The message was clear, and shared almost universally among whites: Whatever happens to black men in strictly the result of their own choices. Those choices ultimately were to submit quietly to the emerging new order or be crushed by it.

[This] further underscored how far southern whites could extend their ability to reconcile the obvious and extraordinary abuses of blacks occurring around them with their rhetorical insistence that African Americans were entirely free, content and unmolested. Never before in American history had so large a portion of the populace adopted such explicitly false and calculated propaganda. Many southern whites actually came to believe claims that black schools were equally funded, black train cars were equally appointed, and that black citizens were equally defended by the courts—as preposterous as those claims obviously were.

I had to sort of stop reading at this page and take a little break.

Blackmon’s book makes me wonder what lies we tell ourselves now, what propaganda we swallow today that will make our grandkids cringe. It makes me wish I knew more, agued more, listened more. But mostly, it makes me wish this wasn’t the first book about this I’ve ever read. Next time I grow up, I’m gonna pay more attention.


Filed under America, Books, Serious

‘What It Takes’ and the Weirdness of Politicians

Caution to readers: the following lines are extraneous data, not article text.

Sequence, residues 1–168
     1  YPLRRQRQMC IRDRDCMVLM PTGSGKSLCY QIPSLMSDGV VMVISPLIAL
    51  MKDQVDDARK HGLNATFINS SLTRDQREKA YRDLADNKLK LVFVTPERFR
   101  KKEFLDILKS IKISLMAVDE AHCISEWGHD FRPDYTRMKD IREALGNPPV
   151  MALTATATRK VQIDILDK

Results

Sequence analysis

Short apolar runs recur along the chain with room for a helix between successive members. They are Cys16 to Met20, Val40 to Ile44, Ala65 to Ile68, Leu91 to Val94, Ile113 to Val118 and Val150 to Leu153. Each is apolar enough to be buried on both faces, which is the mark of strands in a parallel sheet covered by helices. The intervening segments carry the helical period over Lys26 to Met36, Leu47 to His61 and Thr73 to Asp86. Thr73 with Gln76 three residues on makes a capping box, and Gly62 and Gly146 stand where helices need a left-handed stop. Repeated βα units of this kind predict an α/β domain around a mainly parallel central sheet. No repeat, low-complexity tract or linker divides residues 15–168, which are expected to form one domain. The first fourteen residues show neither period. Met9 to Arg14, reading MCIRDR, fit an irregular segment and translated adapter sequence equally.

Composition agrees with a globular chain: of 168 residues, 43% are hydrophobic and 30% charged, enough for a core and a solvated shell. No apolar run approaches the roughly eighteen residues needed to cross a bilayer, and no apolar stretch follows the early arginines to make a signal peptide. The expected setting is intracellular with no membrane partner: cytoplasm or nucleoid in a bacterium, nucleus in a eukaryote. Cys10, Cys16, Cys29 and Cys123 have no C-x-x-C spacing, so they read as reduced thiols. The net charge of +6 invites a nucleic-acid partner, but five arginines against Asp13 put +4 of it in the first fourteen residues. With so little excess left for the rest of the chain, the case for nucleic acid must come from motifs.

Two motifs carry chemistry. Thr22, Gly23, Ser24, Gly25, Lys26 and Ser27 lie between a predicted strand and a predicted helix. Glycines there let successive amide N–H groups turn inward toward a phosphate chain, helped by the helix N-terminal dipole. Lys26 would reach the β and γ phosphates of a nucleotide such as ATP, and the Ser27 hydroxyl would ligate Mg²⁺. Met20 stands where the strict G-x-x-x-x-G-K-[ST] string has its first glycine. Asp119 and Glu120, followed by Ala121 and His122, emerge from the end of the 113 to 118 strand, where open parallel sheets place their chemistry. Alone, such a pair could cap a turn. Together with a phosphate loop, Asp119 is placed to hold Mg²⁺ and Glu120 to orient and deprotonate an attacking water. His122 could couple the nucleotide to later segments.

Last weekend Richard Ben Cramer died. Here’s an excerpt from his seminal 1992 book, What It Takes, describing a ‘light’ weekend in the life of Senator Bob Dole:

The Senate was winding up its tem for the fall, and Dole wouldn’t get away till Saturday morning—just in time for a flight to Akron, a press conference and a fund-raising breakfast for two Congressional candidates, then a speech to a rally in the airport; then a quick flight to Sandusky, O., for a press conference and another speech at a luncheon rally; then a flight to Cleveland for a rally speech and a joint press conference on behalf of four GOP hopefuls; then a flight to Findlay, O., for another press conference and a mix-and-mingle for Congressman Oxley; then a flight to Cincinnati for a press conference with gubernatorial candidate James Rhodes at the home of former Senator Taft; then an hour-and-a-half flight east to Monmouth, New Jersey, followed by a twenty-minute drive to a Hilton, where Dole was scheduled to get in about midnight for his Saturday night’s sleep.

Sunday he’d start with a twenty-five-minute ride to a country club in Manalatan Township to do a press conference and a speech at a buffet breakfast; then another drive, another flight, this time to Jamestown, New York, near Buffalo, for a joint news conference with a House candidate; and a drive to another country club for the candidate’s funder-brunch, where Dole would make a few more brief remarks; then another drive to another speech, this to a Chautauqua County veterans’ group, a photo op with members of the Country Veterans Council and the dedication of a bridge in honor of the nation’s veterans; than another flight to State College, Pennsylvania, for a speech to five hundred Penn State students, and another press conference with a Congressman, Bill Clinger, and another drive to another hotel for another speech at a fundraiser, and then another drive and a wheels-up for Washington, National Airport, where the Lincoln Town Car would be waiting in the dark to take him back to the Watergate—unless he decided to stop at the office to get ready for the Senate Monday.

Cramer’s book is totally great (as in large, but also as in awesome), and confirmed my lifelong impression that being a successful politician basically requires you to be a sociopath-caliber extrovert.